Examine Your Site's Text, Reduce Chances of Search Engine Confusion

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Has it ever occurred to you that you may have keywords on your site that are misleading to search engines? Or that you need to take a look at all of the keywords you are trying to rank for, and think about the different meanings and contexts that those could be taken in that are unrelated to your actual product, and then eliminate other seemingly unrelated words that to a search engine could be misconstrued as an indication of one of those other contexts?

At SMX West last week, WebProNews sat down with Bruce Clay of Internet Marketing firm Bruce Clay, Inc. who made some interesting points about understanding searcher behavior, intent-based search, and how that should affect keyword research.

Note: We talked to Bruce about quite a few search-related topics, but this subject is focused on more toward the end of the video (about 20 minutes in).

Clay talks about Google delivering more personalization in search results, taking into consideration things like how prior queries influence future queries. "Ranking is going to be less of a measurement," he says. "We're going to be focused on more the traffic."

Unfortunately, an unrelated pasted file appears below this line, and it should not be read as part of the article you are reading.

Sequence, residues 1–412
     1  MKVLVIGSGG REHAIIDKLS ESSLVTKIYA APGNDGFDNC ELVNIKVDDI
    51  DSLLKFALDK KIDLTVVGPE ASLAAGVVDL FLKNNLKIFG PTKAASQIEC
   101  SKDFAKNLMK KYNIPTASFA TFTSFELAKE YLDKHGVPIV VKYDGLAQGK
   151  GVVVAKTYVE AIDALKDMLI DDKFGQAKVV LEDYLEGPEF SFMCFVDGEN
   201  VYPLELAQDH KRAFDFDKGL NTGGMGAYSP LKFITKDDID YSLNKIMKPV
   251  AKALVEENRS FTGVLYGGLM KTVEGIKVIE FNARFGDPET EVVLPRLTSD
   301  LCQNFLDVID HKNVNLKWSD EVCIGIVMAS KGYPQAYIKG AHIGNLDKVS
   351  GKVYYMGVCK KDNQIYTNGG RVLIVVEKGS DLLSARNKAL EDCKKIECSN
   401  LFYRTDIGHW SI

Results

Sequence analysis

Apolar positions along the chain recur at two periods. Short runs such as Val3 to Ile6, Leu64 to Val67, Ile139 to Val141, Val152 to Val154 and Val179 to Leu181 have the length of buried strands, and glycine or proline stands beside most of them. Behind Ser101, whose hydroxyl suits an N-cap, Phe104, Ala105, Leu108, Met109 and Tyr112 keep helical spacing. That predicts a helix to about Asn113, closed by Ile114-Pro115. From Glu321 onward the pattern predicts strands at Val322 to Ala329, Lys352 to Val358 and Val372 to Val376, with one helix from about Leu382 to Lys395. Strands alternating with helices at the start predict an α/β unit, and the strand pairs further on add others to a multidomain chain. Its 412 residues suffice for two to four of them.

"When I decide I'm selling a hammer, I have to actively go out of my way not to have certain things appear in my site, because the search engines could be confused about what I'm talking about....I don't mean the Armand Hammer Art Museum at UCLA. I don't mean a bowling ball...you know, the things that show up for hammer are all over the board," says Clay.

"One of the things that I think is important, and that we've been working on is how do we actually do keyword research without knowing the behavioral aspects our personas that are actually going for our product? You have to understand personas now a little bit better - what kinds of things are they likely to search on, in sequence - before they type in hammer...so if they're on an arts and crafts site, and then they type in hammer, I ought to understand that behavior in sequence, so that I can better do my keyword research and determine how I'm gonna put the words on my page. I don't see a lot of people even thinking that way."

Personalized search is nothing new. Google's been personalizing search results for some time, based on various indicators, and it appears that Google is looking for more ways to deliver users a personalized experience (whether they want that or not).

Between personalized search and other sources of information infiltrating search results pages, traditional SEO is becoming harder to accomplish, and Bruce says, even ineffective. That's why it may become increasingly important to focus on relevant elements of the SERP for queries you hope to be found for.

Chris Crum
Chris Crum has been a part of the WebProNews team and the iEntry Network of B2B Publications since 2003. Follow Chris on Twitter, on StumbleUpon, on Pinterest and/or on Google: +Chris Crum.

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